The Department of Science and Technology (DOST), in partnership with the Department of Interior and Local Government and the Office of Civil Defense, touches base with CALABARZON key officials in its disaster preparedness information campaign called "Iba na ang Panahon! Science for Safer Communities" today at the Lima Technology Center in Malvar, Batanagas.

The two-day event will gather provincial governors, city/municipal mayors, and disaster risk reduction managers in CALABARZON to arm them with the latest information, tools and technologies that will help them understand the possible impact of hazards in their respective communities.

The campaign ran its first leg in the first week of March in Clark, Angeles City to help arm local governments in Central Luzon in preparing for potential hazards in the future. The CALABARZON leg is the second of the nationwide region-to-region campaign series.

According to Science Secretary Mario G. Montejo, “Iba na ang Panahon! embraces the change in our seasonal climate and weather patterns and the severity of the impact of weather-related natural hazards in the country.”

He added that the campaign highlights the availability of new tools such as latest high resolution maps and flood modeling solutions that allow scientists to bring better forecast warnings down to communities.

Inter-government effort for safer communities
The launch sets off the government’s mobilization of its resources to enhance capabilities of local communities across the country to deal with calamities the magnitude of typhoon Yolanda.

Secretary Montejo in a recent press briefing told that the partner agencies will be bringing all their training resources to all the 17 regions this summer, from March 3 to May 23, to work on the skills of local government official s in dealing with calamities -- from risk monitoring, to planning and action.

“We will teach them how to put science in disaster planning and preparation,” he said

Montejo said workshops have been lined up in every region, and all governors and mayors are enjoined to attend.

Scenario-based techniques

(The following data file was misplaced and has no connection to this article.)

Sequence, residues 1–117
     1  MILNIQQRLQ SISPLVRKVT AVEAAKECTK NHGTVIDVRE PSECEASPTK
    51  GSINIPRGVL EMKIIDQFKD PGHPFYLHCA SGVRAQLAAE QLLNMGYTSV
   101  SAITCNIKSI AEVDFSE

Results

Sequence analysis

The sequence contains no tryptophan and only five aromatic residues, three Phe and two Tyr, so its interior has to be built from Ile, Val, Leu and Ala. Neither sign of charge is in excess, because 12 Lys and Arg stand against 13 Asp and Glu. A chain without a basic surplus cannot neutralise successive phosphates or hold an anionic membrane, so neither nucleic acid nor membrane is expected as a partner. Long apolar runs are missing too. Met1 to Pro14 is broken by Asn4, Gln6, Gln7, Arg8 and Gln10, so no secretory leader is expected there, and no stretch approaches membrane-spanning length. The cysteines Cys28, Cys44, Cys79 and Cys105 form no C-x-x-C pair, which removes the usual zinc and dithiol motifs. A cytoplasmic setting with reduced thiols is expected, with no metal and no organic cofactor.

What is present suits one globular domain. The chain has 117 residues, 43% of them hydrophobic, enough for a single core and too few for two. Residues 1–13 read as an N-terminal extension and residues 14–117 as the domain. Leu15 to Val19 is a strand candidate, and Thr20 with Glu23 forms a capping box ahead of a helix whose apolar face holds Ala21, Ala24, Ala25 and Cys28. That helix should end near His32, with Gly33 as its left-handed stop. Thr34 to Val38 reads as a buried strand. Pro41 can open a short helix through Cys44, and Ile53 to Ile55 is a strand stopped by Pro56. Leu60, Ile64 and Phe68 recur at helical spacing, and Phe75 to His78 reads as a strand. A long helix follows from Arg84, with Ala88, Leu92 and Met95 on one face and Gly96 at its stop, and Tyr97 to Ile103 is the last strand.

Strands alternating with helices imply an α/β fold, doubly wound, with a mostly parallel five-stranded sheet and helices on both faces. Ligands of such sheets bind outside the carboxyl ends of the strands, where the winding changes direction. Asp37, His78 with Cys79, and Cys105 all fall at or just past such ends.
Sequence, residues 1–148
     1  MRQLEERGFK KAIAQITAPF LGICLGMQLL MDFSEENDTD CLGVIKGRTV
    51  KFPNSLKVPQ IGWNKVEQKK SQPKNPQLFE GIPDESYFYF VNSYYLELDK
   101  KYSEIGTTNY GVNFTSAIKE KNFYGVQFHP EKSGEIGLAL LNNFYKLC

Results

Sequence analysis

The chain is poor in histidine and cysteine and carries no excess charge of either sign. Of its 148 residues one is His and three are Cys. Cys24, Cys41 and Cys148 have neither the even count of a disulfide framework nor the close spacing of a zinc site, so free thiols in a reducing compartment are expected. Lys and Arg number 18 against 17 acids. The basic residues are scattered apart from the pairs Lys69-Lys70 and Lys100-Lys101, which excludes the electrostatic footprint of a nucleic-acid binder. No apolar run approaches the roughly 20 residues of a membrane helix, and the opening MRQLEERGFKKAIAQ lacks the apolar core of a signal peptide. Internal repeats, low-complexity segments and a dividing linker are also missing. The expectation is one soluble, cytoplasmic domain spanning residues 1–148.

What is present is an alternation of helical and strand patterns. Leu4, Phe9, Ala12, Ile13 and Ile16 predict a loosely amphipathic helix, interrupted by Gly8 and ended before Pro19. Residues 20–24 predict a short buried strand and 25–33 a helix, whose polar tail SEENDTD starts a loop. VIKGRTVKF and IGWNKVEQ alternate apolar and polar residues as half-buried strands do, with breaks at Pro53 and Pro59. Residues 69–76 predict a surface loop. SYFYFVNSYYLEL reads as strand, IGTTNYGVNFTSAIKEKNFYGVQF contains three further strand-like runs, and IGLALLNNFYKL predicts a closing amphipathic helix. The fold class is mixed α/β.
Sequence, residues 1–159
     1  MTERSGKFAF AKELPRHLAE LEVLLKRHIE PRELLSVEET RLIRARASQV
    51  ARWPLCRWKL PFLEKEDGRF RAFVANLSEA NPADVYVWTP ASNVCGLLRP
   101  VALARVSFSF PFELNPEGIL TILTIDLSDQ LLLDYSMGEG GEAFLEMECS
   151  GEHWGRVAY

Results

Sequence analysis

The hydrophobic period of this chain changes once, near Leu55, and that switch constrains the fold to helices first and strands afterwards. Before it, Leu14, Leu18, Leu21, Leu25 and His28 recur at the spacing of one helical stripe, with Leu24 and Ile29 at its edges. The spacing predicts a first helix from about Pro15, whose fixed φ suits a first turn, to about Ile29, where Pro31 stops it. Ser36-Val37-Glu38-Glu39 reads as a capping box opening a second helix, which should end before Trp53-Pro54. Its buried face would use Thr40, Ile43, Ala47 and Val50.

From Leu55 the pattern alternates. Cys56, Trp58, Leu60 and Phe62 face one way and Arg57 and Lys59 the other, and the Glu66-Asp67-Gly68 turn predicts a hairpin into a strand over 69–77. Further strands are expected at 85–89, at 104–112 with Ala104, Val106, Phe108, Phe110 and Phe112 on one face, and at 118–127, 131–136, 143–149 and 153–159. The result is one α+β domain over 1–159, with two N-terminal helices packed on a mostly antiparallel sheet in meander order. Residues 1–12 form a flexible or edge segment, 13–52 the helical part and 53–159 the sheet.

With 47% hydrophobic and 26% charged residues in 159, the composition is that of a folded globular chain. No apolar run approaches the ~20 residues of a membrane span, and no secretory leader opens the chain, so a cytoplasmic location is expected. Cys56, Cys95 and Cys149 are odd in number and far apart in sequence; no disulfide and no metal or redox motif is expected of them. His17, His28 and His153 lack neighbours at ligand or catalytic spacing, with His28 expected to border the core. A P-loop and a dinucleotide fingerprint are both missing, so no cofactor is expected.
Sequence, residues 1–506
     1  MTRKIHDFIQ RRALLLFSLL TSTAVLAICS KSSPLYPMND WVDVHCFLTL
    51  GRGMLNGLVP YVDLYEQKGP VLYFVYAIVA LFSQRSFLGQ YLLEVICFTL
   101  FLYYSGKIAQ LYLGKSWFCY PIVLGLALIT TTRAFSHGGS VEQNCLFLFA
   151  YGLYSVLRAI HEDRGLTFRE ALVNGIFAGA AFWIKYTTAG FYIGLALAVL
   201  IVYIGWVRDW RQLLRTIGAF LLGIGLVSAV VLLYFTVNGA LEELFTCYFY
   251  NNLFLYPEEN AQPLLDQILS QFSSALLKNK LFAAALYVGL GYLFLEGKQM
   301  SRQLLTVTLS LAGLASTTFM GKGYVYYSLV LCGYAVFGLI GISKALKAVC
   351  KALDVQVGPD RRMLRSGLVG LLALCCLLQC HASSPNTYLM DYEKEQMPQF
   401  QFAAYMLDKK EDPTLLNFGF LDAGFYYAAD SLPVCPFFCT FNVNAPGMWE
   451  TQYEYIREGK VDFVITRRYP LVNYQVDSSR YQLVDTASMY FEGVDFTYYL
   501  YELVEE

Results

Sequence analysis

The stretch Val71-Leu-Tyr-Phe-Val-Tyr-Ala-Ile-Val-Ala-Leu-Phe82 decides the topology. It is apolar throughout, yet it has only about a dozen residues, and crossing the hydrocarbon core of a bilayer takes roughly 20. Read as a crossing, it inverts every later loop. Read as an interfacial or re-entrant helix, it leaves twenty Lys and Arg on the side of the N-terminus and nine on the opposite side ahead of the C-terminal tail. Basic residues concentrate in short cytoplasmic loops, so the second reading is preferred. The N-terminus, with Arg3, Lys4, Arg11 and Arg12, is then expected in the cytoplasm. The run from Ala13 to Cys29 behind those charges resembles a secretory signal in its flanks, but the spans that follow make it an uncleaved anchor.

“We had been able to draw up scenario-based strategies and protocols in dealing calamities, from warning, response, to rehabilitation. We are bringing them down to the provinces and municipalities, and there’s no other time to start than now. Summer is just around the corner, and we would rather make hay while the sun shines,” he explained.

Margareta Wahlstrom, the United Nations Secretary-General’s Special Representative for Disaster Risk Reduction, expressed the UN’s support for the project.

The DOST will take charge of training participants on how to use their of disaster technologies, the DILG and the OCD will teach them on how to base their plans on scientific data provided.

Adding more knowledge
“Our objective is to increase the local risk knowledge of the local executives and the people in their communities, capacitate them to do an effective monitoring of a looming calamity, test their warning and communication protocols, and build their response capabilities,” Montejo said.

The workshop should enhance the decision-making capabilities of local executives, and enable them to execute science-based and scenario-driven strategies whenever a calamity strikes, the science secretary said.

He said their training modules are based on the country’s experiences from Yolanda, and other calamities that occurred earlier.

The trainings will vary based on the hazard vulnerabilities of each locality.

“After these workshops, we expect local leaders and their communities to respond to our early warnings. As we have been doing, we will continue providing early warnings, and we expect them to give early actions to attain zero, or only minimal damage and casualties whenever a calamity hits them,” Montejo said.

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